NFL GAMEDAY 2001, for Sony PlayStation, $70. Rating: NNN
The 2001 edition of NFL GameDay is the only sports video game I've seen that has its own separate strategy guide. For an extra $20, you can buy a book filled with offensive and defensive plays to help you beat the computer. That should give you an idea of how seriously this game takes its football.
Incredibly hard Sure, bone-jarring tackles and lifelike coaching choices are great, but sports games are best when even the most ignorant spectator can play like a pro. Any fool can swing a bat at a ball on a screen. NFL GameDay assumes some knowledge of football, and anyone with anything less will be lost immediately.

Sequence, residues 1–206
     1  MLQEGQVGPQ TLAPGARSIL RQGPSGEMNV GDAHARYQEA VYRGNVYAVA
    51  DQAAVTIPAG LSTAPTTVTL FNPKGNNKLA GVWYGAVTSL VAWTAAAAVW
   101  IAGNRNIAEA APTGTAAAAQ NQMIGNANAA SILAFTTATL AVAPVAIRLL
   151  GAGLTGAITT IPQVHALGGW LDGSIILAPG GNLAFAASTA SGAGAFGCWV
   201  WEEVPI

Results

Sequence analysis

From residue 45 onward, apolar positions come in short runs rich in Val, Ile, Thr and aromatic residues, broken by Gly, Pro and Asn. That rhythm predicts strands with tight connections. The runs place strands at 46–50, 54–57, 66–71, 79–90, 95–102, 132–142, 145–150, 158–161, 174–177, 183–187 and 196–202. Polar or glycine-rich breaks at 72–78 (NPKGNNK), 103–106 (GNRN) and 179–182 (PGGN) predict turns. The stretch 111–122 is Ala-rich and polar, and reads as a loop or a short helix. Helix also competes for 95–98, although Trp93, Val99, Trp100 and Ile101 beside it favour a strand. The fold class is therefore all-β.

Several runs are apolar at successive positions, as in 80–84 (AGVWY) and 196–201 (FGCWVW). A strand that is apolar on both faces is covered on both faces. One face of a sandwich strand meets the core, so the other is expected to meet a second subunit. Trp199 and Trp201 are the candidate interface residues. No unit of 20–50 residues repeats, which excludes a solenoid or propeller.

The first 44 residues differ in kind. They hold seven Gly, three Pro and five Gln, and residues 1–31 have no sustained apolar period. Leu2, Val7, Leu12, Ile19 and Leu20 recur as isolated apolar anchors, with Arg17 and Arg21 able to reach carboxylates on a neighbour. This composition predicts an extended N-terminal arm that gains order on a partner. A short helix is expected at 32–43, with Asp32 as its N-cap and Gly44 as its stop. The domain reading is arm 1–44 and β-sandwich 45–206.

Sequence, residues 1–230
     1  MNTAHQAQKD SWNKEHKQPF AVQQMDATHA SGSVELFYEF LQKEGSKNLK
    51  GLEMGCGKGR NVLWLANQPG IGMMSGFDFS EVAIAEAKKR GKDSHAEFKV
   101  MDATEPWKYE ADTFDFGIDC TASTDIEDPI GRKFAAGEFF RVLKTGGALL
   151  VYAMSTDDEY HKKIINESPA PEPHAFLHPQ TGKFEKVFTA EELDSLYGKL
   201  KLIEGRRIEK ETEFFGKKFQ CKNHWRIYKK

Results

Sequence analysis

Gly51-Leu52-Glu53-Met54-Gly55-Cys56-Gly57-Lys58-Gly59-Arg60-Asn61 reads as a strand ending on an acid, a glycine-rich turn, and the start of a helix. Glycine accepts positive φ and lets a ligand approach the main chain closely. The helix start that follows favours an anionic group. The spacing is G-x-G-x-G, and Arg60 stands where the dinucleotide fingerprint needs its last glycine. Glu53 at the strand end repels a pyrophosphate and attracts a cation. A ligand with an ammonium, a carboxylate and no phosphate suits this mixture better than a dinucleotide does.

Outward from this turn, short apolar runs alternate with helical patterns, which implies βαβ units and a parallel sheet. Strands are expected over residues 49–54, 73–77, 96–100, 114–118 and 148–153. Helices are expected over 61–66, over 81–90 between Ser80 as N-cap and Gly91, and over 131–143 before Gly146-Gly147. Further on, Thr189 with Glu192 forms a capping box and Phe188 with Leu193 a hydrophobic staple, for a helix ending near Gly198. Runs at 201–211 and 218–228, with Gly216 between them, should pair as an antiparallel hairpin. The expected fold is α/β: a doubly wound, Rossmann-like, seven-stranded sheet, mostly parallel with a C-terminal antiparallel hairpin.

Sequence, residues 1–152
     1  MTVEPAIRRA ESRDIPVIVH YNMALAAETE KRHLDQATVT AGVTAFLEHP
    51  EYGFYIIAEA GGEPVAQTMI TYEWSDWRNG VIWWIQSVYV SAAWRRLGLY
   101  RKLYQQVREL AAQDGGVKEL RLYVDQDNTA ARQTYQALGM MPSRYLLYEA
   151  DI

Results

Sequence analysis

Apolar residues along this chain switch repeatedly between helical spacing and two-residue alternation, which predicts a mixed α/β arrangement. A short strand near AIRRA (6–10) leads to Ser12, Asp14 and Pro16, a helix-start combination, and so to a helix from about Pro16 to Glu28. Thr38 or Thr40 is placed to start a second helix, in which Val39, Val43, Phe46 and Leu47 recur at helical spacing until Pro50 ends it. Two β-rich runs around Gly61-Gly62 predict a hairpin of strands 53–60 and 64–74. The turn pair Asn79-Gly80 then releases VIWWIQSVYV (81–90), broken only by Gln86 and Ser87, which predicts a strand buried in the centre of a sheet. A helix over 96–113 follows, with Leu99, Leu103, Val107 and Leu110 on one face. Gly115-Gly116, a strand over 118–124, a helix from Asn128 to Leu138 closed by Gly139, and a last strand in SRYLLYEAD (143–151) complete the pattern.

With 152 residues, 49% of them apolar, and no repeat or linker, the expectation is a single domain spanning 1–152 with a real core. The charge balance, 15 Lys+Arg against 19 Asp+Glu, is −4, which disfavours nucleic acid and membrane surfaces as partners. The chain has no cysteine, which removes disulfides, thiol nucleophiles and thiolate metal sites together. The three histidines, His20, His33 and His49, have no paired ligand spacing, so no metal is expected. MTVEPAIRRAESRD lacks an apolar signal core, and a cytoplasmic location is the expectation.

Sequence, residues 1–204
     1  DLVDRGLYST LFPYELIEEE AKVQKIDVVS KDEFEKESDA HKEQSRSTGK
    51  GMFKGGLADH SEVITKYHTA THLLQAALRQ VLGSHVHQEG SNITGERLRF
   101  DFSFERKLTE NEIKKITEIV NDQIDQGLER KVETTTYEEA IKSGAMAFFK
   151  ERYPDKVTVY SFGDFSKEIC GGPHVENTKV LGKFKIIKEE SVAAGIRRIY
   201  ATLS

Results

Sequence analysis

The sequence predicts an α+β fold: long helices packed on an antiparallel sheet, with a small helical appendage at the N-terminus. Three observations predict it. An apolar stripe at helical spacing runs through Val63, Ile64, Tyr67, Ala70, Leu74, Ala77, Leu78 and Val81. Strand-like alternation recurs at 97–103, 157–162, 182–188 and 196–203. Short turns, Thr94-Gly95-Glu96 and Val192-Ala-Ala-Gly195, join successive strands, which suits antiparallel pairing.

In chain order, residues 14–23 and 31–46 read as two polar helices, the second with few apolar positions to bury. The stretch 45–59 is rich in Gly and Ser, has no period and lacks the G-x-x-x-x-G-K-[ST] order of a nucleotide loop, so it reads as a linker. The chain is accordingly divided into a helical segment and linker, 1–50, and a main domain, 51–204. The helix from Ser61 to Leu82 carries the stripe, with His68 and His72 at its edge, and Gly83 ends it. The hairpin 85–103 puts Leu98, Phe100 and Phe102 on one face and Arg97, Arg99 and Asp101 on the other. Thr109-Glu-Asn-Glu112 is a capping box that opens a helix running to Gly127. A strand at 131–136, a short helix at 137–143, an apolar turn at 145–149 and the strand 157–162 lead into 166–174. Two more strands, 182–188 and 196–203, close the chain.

Offence, even on the easiest setting, is incredibly hard, and you'll feel like a superstar if you manage even one completed pass every four attempts.
There's simply too much going on to concentrate on just passing the ball, and that's without trying to understand the dozen or so plays that you have to choose from.
Defence is no easier. If you can't tell a nickel set from a dime, you might as well resign yourself to losing, badly. Even the more football-minded will find it tough to follow the scrambling play. Just when you think you've figured out coverage, someone will appear wide open, catch a bomb and run for 60 yards.
The easiest thing to use is the celebration button, which gets your players chicken-walking around the field. Unless you're a pro, though, don't expect to be prancing around shouting "Who's the man!" very often.